Ogden was named to the Pro Bowl in 11 of the 12 seasons that he played in the league, being a first-team All-Pro in five of those seasons. He helped pave the way for Jamal Lewis’ recorded setting tenure while protecting the quarterback’s blind side.

Ogden struck fear in to the eyes of any defender that was unfortunate enough to have to go up against him.

No. 2 — Ed Reed, S

Baltimore Ravens free safety Ed Reed, (20) runs after recovering a fumble by Pittsburgh Steelers wide receiver Mike Wallace (17) during the first quarter of an NFL football game in Pittsburgh, Sunday, Nov. 18, 2012. The Ravens won 13-10. (AP Photo/Gene J. Puskar)
Baltimore Ravens free safety Ed Reed, (20) runs after recovering a fumble by Pittsburgh Steelers wide receiver Mike Wallace (17) during the first quarter of an NFL football game in Pittsburgh, Sunday, Nov. 18, 2012. The Ravens won 13-10. (AP Photo/Gene J. Puskar)

“When the ball touches his hands, it’s a pick. Period.” – Brian Dawkins.

The eye in the sky never lies. Neither do the stats. If you don’t have the opportunity to watch his highlight reel, then, please do yourself a favor and take a look at his statistical record.

Let’s just say he has returned an interception for 108 yards before. Reminder, a football field is 100 yards.

During his career with the Ravens, he recorded 605 tackles, defended 109 passes, snagged 64 interceptions (while running back all of those interceptions for 1,541 yards total), found the end zone 13 times, and forced 11 fumbles.

He was selected to the Pro Bowl nine times during his prolific career. He also led the league in interceptions in 2004, 2008, and 2010, and was named the AFC Defensive Player of the Year in 2004.

It was not advised to throw the ball anywhere Reed could get a hand on it.

No. 1 — Ray Lewis, LB

Ray-Lewis

If this comes as a surprise to you, then, you need a history lesson on Baltimore Ravens football.

Ray Lewis has changed the linebacker position forever and is known as the face of the Baltimore Ravens franchise.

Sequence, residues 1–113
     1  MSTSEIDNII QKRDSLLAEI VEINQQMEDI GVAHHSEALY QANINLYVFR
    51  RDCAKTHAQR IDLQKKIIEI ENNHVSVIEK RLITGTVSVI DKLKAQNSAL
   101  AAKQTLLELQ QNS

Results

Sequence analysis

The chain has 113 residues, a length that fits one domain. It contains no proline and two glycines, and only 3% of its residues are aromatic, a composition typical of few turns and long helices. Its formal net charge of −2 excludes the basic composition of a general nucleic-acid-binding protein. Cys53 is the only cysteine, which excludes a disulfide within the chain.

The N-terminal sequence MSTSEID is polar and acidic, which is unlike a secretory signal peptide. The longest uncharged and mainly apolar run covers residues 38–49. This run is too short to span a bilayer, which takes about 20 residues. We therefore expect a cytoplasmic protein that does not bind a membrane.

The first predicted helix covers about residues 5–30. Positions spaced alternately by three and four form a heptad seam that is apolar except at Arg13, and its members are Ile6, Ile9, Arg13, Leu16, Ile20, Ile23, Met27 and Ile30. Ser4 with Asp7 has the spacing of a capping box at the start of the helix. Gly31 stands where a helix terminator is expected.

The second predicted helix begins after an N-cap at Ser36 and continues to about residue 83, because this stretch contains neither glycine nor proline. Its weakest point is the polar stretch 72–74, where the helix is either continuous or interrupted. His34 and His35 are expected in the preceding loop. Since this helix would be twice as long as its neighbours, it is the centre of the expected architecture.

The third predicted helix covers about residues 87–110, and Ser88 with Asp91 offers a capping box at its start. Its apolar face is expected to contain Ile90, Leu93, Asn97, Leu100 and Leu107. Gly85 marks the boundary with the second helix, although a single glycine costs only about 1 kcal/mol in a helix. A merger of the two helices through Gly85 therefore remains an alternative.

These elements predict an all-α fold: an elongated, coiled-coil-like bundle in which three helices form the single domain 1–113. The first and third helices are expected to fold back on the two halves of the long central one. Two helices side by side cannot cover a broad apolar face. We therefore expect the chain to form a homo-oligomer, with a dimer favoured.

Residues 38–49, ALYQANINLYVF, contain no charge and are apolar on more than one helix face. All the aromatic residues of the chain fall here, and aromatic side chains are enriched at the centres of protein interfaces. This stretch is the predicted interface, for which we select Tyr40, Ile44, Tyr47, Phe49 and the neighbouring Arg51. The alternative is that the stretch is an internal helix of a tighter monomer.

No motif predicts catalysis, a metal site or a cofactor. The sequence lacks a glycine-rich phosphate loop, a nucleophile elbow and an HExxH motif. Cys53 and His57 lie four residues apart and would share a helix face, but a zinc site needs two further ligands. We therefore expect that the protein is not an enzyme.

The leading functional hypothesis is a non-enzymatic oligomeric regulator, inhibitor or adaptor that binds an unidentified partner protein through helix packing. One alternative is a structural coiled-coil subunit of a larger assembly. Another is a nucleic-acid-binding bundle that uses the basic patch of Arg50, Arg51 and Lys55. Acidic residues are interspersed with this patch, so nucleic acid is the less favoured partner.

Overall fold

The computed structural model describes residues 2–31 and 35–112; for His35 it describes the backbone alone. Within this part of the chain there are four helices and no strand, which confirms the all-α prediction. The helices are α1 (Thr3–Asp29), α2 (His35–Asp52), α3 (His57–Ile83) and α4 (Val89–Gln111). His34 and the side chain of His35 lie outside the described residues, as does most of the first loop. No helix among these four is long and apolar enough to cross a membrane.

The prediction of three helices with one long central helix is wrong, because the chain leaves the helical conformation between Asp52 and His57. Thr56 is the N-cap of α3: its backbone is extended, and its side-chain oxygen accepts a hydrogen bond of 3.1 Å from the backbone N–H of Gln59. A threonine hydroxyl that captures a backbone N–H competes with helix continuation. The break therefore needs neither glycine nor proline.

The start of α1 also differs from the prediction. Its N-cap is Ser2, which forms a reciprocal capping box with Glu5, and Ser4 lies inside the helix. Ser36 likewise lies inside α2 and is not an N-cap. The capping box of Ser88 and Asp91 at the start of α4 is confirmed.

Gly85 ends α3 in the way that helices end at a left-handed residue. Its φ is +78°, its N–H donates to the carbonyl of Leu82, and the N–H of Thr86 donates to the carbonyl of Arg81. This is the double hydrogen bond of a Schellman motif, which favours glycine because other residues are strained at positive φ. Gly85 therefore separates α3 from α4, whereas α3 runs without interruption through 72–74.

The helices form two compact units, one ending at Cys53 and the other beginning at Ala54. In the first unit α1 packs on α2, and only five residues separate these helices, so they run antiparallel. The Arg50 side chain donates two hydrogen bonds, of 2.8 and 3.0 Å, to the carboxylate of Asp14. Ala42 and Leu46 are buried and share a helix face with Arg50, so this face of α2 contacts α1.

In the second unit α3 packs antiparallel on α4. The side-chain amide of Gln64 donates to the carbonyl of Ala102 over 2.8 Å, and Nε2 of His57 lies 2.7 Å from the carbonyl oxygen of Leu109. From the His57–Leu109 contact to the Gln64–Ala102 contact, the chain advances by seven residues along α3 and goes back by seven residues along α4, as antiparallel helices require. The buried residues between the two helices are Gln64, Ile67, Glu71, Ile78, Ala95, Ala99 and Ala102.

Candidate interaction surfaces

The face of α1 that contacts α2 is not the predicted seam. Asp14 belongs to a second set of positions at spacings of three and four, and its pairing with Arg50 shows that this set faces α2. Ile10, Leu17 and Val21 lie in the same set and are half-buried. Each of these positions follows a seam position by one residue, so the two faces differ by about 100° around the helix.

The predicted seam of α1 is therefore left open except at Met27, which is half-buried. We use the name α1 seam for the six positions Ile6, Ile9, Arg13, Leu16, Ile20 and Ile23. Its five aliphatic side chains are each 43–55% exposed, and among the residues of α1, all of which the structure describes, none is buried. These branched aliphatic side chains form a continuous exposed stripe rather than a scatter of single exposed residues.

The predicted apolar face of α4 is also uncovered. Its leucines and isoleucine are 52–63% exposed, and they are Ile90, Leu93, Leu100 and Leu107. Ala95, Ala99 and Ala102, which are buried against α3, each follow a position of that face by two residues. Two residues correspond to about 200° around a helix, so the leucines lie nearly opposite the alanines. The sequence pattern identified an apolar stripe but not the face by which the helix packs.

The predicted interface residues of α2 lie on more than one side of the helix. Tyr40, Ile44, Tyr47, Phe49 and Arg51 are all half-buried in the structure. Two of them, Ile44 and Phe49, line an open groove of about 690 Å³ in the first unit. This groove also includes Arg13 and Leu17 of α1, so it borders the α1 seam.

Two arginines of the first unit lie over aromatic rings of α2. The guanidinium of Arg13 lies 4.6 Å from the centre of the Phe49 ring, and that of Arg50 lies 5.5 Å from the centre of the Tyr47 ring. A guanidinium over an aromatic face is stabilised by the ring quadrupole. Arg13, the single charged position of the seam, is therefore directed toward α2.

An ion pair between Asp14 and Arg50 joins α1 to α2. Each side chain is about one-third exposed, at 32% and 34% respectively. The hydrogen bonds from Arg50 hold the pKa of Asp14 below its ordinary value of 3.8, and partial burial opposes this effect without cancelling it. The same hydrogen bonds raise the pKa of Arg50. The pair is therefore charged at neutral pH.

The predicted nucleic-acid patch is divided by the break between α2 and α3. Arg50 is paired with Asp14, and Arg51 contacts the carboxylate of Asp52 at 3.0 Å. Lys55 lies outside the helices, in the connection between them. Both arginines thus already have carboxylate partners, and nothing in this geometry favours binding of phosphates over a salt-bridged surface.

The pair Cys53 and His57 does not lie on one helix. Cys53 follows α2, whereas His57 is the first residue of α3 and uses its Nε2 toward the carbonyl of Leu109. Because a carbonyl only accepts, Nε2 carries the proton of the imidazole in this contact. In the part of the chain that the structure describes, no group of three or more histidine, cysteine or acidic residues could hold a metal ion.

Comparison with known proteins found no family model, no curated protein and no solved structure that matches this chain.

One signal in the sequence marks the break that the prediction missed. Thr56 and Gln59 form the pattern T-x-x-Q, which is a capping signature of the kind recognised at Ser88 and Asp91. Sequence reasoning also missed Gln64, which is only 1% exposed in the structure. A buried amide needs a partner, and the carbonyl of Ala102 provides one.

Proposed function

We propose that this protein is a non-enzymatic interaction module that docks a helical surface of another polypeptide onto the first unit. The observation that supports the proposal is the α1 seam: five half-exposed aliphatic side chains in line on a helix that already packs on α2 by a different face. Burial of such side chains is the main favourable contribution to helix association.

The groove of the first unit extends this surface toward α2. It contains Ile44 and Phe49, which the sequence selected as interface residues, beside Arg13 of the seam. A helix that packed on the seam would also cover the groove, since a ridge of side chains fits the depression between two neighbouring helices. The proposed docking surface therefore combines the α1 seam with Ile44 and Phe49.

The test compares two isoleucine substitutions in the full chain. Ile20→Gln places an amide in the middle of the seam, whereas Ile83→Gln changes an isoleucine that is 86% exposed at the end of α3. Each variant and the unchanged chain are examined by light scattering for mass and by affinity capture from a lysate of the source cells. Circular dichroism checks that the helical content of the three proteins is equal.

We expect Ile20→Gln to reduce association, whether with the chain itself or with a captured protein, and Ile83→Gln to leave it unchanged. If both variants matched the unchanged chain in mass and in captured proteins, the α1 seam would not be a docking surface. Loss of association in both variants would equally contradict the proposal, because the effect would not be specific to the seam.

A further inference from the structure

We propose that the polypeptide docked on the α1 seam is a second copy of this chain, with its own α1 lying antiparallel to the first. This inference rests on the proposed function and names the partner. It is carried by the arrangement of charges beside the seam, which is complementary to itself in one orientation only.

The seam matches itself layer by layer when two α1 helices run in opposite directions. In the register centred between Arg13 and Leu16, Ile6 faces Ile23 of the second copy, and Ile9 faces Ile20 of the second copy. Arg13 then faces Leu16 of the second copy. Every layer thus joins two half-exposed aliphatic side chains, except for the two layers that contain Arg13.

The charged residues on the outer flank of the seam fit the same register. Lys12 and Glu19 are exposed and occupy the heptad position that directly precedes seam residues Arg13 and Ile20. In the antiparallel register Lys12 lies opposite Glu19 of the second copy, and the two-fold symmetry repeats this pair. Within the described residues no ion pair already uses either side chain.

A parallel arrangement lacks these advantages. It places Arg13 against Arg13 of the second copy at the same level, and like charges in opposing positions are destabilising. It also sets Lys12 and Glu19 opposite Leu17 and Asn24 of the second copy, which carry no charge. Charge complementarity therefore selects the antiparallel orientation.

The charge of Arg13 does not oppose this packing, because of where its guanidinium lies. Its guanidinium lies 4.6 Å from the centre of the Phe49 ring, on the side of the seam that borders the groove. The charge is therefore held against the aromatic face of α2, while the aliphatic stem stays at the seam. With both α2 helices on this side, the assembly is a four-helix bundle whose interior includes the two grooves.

He was named MVP of Super Bowl XXXV and has been selected to 13 Pro Bowls during his 16-year career.

Lewis was also voted to be a first-team All-Pro seven times in his career while being named AFC Defensive Player of the Year three times.

During the course of Ray’s career, he recorded 1,336 tackles, 41.5 sacks, 67 pass deflections, 31 interceptions, 17 forced fumbles, and three touchdowns.

His performance on the field wasn’t the only thing that made him great. It was his ability to lead others and bring people together.

Let’s not forget those epic pregame squirrel dances he used to perform, either.

Lewis has set a standard in the NFL and has served as an inspiration to younger athletes all over the country.

About Conner Scott Disotelle 53 Articles
Conner Scott Disotelle is an alumni of Urbana High School and is a current Sport Communication major at Shepherd University. Conner has been an NFL enthusiast since he was 8 years old and his passion for the game will never burn out. Conner has high school experience in football and lacrosse and has collegiate experience in rugby. In May of 2016, Conner joined Maryland Sports Access with the intention of being a beat writer for the Ravens and he hasn't looked back since then. Conner aspires to be an NFL journalist for NFL Network, CBS, NBC, FOX, or ESPN and also plans on writing articles for NFL.com one day.